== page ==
ο»Ώ Guidelines for Examination:PART C: CHAPTER IV PATENTABILITY, 2. Inventions, 2.3 List of exclusions, 2.3.6 Programs for computers

 
 
Guidelines for Examination
PART C
CHAPTER IV PATENTABILITY
2. Inventions
2.3 List of exclusions
2.3.6 Programs for computers
 

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PART C
CHAPTER IV PATENTABILITYCHAPTER IV PATENTABILITY
2. Inventions2. Inventions
2.3 List of exclusions2.3 List of exclusions
  2.3.5 Schemes, rules and methods for performing mental acts, playing games or doing business2.3.5 Schemes, rules and methods for performing mental acts, playing games or doing business     2.3.7 Presentations of information2.3.7 Presentations of information  
 

2.3.6

Programs for computers

 

Programs for computers are a form of "computer-implemented invention", an expression intended to cover claims which involve computers, computer networks or other conventional programmable apparatus whereby prima facie the novel features of the claimed invention are realised by means of a program or programs. Such claims may e.g. take the form of a method of operating said conventional apparatus, the apparatus set up to execute the method, or, following T 1173/97 (OJ 10/1999, 609), the program itself. Insofar as the scheme for examination is concerned, no distinctions are made on the basis of the overall purpose of the invention, i.e. whether it is intended to fill a business niche, to provide some new entertainment, etc.

 

The basic patentability considerations here are in principle the same as for other subject-matter. While "programs for computers" are included among the items listed in Art. 52(2), if the claimed subject-matter has a technical character it is not excluded from patentability by the provisions of Art. 52(2) and (3). However, a data-processing operation controlled by a computer program can equally, in theory, be implemented by means of special circuits, and the execution of a program always involves physical effects, e.g. electrical currents. According to T 1173/97, such normal physical effects are not in themselves sufficient to lend a computer program technical character. But if a computer program is capable of bringing about, when running on a computer, a further technical effect going beyond these normal physical effects, it is not excluded from patentability, irrespective of whether it is claimed by itself or as a record on a carrier. This further technical effect may be known in the prior art. A further technical effect which lends technical character to a computer program may be found e.g. in the control of an industrial process or in processing data which represent physical entities or in the internal functioning of the computer itself or its interfaces under the influence of the program and could, for example, affect the efficiency or security of a process, the management of computer resources required or the rate of data transfer in a communication link. As a consequence, a computer program claimed by itself or as a record on a carrier or in the form of a signal may be considered as an invention within the meaning of Art. 52(1) if the program has the potential to bring about, when running on a computer, a further technical effect which goes beyond the normal physical interactions between the program and the computer. A patent may be granted on such a claim if all the requirements of the EPC are met; see in particular Art. 84, 83, 54 and 56, and IV, 4.4 below. Such claims should not contain program listings (see II, 4.14a), but should define all the features which assure patentability of the process which the program is intended to carry out when it is run (see III, 4.4, last sentence).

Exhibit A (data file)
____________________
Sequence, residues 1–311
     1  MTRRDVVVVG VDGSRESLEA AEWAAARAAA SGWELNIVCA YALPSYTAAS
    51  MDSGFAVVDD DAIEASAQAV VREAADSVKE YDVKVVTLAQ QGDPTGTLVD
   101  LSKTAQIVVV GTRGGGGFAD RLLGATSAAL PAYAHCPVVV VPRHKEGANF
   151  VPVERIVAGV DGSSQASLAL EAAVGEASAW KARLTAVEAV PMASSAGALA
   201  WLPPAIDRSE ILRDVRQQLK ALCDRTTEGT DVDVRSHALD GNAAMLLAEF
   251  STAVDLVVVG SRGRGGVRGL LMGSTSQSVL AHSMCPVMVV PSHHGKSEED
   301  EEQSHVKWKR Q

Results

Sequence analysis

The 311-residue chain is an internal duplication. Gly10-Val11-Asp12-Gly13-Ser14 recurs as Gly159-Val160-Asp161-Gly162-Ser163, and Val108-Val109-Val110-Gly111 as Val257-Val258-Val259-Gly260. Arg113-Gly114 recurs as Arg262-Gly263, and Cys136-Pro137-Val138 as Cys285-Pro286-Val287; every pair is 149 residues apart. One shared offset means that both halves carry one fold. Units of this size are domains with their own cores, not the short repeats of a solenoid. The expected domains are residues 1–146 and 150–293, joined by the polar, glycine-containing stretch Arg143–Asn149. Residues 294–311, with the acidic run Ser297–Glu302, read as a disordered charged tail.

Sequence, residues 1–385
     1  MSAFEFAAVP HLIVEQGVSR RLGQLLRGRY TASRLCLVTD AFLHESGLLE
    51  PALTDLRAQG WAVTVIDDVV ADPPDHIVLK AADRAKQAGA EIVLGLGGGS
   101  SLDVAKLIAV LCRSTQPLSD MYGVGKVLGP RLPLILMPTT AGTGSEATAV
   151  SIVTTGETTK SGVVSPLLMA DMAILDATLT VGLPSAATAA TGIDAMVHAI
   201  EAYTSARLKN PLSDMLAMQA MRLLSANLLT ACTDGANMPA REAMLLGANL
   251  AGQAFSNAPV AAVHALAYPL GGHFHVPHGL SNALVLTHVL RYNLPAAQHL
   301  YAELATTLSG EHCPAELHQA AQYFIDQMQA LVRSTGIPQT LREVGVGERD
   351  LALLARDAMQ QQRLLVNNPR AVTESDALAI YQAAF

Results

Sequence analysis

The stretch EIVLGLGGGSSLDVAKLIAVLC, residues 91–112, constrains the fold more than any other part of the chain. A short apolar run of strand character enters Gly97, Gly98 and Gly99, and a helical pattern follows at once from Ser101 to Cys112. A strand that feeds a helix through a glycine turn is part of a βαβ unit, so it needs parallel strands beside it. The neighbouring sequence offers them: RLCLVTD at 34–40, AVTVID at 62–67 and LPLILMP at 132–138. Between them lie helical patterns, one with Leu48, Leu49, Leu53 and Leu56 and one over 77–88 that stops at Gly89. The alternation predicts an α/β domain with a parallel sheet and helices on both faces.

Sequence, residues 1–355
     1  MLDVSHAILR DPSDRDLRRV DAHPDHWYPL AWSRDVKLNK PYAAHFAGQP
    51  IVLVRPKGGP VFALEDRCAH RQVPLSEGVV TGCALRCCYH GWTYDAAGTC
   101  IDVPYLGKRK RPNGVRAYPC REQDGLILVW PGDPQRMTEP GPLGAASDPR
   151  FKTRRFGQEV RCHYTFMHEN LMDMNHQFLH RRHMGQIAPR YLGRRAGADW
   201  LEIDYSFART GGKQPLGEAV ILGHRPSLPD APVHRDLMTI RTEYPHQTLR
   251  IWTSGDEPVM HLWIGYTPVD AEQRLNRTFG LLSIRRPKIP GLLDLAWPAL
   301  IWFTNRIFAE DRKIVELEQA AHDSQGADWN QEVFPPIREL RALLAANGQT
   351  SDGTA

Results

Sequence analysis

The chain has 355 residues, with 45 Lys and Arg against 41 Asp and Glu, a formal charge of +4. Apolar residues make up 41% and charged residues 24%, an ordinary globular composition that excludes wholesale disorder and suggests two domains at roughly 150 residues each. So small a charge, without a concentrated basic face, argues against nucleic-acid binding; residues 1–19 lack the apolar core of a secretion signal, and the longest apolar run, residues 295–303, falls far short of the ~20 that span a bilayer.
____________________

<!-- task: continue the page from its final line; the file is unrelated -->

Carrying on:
Moreover, following T 769/92 (OJ 8/1995, 525), the requirement for technical character is satisfied if technical considerations are required to carry out the invention. Such technical considerations must be reflected in the claimed subject-matter.

 

When considering whether a claimed computer-implemented invention is patentable, the following is to be borne in mind. In the case of a method, specifying technical means for a purely non-technical purpose and/or for processing purely non-technical information does not necessarily confer technical character on any such individual step of use or on the method as a whole. On the other hand, a computer system suitably programmed for use in a particular field, even if that is, for example, the field of business and economy, has the character of a concrete apparatus, in the sense of a physical entity or product, and thus is an invention within the meaning of Art. 52(1) (see T 931/95, OJ 10/2001, 441).

 

If a claimed invention does not have a prima facie technical character, it should be rejected under Art. 52(2) and (3). In the practice of examining computer-implemented inventions, however, it may be more appropriate for the examiner to proceed directly to the questions of novelty and inventive step, without considering beforehand the question of technical character. In assessing whether there is an inventive step, the examiner must establish an objective technical problem which has been overcome (see IV, 9.8.2). The solution of that problem constitutes the invention's technical contribution to the art. The presence of such a technical contribution establishes that the claimed subject-matter has a technical character and therefore is indeed an invention within the meaning of Art. 52(1). If no such objective technical problem is found, the claimed subject-matter does not satisfy at least the requirement for an inventive step because there can be no technical contribution to the art, and the claim is to be rejected on this ground.